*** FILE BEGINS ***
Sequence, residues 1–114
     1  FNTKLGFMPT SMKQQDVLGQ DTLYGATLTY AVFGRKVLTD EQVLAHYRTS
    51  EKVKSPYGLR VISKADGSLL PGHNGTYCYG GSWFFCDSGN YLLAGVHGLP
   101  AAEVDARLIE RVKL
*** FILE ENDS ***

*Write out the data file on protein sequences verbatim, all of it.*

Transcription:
Sequence, residues 1–114
     1  FNTKLGFMPT SMKQQDVLGQ DTLYGATLTY AVFGRKVLTD EQVLAHYRTS
    51  EKVKSPYGLR VISKADGSLL PGHNGTYCYG GSWFFCDSGN YLLAGVHGLP
   101  AAEVDARLIE RVKL